A Pew survey released last summer found that 1 in 4 Catholics have reduced the…
A politics of charity: Using the head and the heart
A popular quip — attributed to figures diverse as Victor Hugo, Edmund Burke and Winston Churchill — states: “If a man is not a socialist by the age of 25, he has no heart; if he continues to be a socialist after age 25, he has no head.” The saying actually seems to be a mangled paraphrase of a 19th-century French historian’s distillation of one of Burke’s insights on the French Revolution. In other words, it originally wasn’t about socialism at all. But it is not without reason that the saying has become popular in this form, as its meaning rings true for many in spite of its dubious provenance.
The saying also reminds us that words and phrases sometimes morph and develop through time. “Liberal,” for example, once meant proponents of free markets and small government; now it resonates with the opposite meaning. The term “socialist” similarly has a confused pedigree. And with increasing numbers of (especially young) Americans identifying in surveys as socialist, and the popularity on the rise of figures such as Bernie Sanders and Alexandria Ocasio-Cortez, who publicly espouse “democratic socialism,” the task of understanding such terms has become urgently important for Catholics. After all, even some of our co-religionists say they espouse a kind of “Christian socialism,” which they argue to be commensurate with the Church’s teachings on economic justice.
What the present moment calls for is a hermeneutic, or interpretive lens, that takes into account the dual lessons borne by the above mis-quotation: the lesson that some are beguiled into forms of socialism for reasons of genuine compassion, and the lesson that terms such as socialism can become muddied over time. Especially in 2020, when self-proclaimed “anti-fascists” are marching the streets and committing acts of vandalism against “the patriarchy,” and even the Black Lives Matter Global Foundation’s founders state that they are “trained Marxists,” how can Catholics form their conscience in order to engage in such conversations with truth and charity?
To some readers, the answer seems obvious. It may be you were raised amid the Cold War and remember the air-raid drills, the ever-looming threat of the Soviets. Or it may be that you are well-read in the Church’s social doctrine and are aware of the papal magisterium’s consistent and firm condemnation of socialism, most neatly encapsulated by Pope Pius XI in 1931: “Religious socialism, Christian socialism, are contradictory terms; no one can be at the same time a good Catholic and a true socialist” (Quadragesimo Anno, No. 120). Or it may be simply for you a knowledge of the gruesome history of the 20th century: the fact that socialism in the space of a few decades amassed a body count dwarfing that of any ideology or movement in all previous centuries combined, and that it would still be the deadliest social institution in history if only it had not been surpassed by abortion at the end of the millenium.
But the answer is not quite as obvious if we recall our hermeneutic from above. We should be charitable in interpreting others’ actions and deeds, remembering that even misguided actions sometimes have laudable motives and that words sometimes can obscure the intended meaning of the speaker.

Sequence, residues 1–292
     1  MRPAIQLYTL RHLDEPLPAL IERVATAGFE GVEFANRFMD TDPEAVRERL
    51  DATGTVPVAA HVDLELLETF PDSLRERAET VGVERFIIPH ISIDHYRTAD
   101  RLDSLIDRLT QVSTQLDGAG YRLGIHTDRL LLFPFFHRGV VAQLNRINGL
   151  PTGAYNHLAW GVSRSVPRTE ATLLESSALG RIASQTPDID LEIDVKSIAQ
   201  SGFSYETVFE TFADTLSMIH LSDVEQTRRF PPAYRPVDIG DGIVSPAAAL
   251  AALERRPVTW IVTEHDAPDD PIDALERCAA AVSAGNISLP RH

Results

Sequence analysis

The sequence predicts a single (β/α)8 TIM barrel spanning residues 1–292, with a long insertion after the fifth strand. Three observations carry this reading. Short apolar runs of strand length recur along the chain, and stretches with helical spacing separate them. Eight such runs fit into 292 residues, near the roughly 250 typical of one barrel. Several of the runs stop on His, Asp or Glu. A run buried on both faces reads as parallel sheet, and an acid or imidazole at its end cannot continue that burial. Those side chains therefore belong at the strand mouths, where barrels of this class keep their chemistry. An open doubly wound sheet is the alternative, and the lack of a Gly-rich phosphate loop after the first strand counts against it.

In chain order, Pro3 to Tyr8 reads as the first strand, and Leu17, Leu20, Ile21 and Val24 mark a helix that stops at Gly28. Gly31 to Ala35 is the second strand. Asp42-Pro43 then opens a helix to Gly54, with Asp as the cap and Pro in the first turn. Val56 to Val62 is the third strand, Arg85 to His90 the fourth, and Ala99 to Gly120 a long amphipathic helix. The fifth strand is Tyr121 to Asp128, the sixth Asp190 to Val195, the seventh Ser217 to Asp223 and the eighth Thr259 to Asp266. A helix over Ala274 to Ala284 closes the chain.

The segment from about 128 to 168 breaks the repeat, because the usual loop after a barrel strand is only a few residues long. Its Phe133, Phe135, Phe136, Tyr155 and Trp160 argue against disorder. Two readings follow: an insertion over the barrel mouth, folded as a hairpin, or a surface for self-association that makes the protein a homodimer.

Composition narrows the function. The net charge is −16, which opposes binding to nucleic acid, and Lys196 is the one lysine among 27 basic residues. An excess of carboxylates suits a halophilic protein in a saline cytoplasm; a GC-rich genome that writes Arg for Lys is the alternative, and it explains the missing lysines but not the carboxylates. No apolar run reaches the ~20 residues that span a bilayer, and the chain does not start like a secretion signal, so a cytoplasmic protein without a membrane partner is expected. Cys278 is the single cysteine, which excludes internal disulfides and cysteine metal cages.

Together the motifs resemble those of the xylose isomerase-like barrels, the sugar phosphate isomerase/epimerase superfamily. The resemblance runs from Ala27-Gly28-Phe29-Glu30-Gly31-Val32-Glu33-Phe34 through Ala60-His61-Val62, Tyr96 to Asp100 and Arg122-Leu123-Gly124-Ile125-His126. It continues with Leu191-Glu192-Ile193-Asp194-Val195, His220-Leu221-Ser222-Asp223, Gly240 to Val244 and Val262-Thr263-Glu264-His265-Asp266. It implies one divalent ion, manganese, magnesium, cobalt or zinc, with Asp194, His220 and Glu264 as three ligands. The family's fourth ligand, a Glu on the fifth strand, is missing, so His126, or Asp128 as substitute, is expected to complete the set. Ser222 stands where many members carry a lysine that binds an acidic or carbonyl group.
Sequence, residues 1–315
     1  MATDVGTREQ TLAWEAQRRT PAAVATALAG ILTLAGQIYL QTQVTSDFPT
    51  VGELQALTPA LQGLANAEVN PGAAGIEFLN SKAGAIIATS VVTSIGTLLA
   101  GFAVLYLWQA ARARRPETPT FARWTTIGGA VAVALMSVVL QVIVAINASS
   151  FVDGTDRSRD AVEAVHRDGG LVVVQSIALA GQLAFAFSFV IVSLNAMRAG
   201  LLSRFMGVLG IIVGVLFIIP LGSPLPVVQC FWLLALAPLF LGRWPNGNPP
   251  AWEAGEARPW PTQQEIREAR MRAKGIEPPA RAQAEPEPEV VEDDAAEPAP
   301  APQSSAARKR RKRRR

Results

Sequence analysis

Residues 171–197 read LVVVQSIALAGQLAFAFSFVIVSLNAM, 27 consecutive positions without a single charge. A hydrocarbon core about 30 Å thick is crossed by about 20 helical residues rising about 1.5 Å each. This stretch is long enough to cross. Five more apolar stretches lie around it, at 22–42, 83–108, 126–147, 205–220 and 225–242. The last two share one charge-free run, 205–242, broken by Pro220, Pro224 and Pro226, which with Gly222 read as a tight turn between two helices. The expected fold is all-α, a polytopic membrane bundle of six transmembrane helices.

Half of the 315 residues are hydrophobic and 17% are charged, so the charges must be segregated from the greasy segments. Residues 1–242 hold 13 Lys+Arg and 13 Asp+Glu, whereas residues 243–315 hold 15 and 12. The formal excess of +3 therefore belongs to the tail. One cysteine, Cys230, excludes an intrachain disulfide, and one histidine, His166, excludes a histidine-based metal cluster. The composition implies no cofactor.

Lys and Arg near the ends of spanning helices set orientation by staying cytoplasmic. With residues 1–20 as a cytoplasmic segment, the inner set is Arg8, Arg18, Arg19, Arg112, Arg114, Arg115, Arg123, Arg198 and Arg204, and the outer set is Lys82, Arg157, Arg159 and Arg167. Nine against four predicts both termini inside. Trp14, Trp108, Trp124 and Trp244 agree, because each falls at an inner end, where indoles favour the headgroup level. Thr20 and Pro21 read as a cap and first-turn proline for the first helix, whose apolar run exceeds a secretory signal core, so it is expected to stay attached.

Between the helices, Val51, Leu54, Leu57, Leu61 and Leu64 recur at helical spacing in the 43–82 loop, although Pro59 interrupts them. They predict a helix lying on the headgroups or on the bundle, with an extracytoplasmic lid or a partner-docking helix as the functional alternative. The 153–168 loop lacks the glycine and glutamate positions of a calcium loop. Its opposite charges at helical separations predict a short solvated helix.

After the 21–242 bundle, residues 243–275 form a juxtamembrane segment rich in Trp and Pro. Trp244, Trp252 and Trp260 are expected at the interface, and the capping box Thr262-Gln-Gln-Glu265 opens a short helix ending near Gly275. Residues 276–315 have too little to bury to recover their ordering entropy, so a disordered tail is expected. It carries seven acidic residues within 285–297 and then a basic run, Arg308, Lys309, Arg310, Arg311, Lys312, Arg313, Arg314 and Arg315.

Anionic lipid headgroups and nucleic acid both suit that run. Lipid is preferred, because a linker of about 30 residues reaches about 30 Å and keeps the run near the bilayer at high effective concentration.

First, we must always have in mind that compassion and care for the poor are non-negotiable and essential facets of the Christian life. Affective maturity for the Christian necessitates taking up and heeding the Lord’s call to love both one’s neighbors and even one’s enemies (who, as G.K. Chesterton once observed, are very often the same person). After all, the Gospels warn unequivocally what fate awaits those who fail to perceive Christ in the hungry to feed him, in the thirsty to slake him, or in the naked to clothe him: “the eternal fire prepared for the devil and his angels” (Mt 25:41). We must recognize the truly laudable and virtuous intent in those who work for economic justice and racial equity, and seek to unite ourselves to these causes whenever and however we can, provided we can do so without compromising on other essential commitments to truth. Perhaps our young neighbors’ heads might not be in the “right place,” but very often their hearts are.
Second, we should remember to seek the substantial meaning behind one’s words, giving benefit of the doubt wherever we can to what a speaker intends. St. Paul admonished Timothy to tell his community to “stop disputing about words” (2 Tm 2:14) — and that was long before Twitter! Many people who today assert they are socialist may hardly even know what they themselves mean by it. We should engage them, gently letting them know the magisterium’s guidance on the matter and proceed to debate matters of economic policy with serene charity. We should bear in mind that these individuals probably are adopting the moniker “socialist” because they want to feed the poor and not because they want to ship off ideological opponents to gulags. And we should assure them that we share their passion for uplifting the poor and downtrodden and that the Church has alternatives to Marx when it comes to that.
In such a way, we can begin to make sense of the confusing political times in which we find ourselves, and hopefully find a way to confront the age and our neighbors with full use of both our hearts and our heads.
Joe Grabowski is executive director of the International Organization for the Family. He writes from Pennsylvania.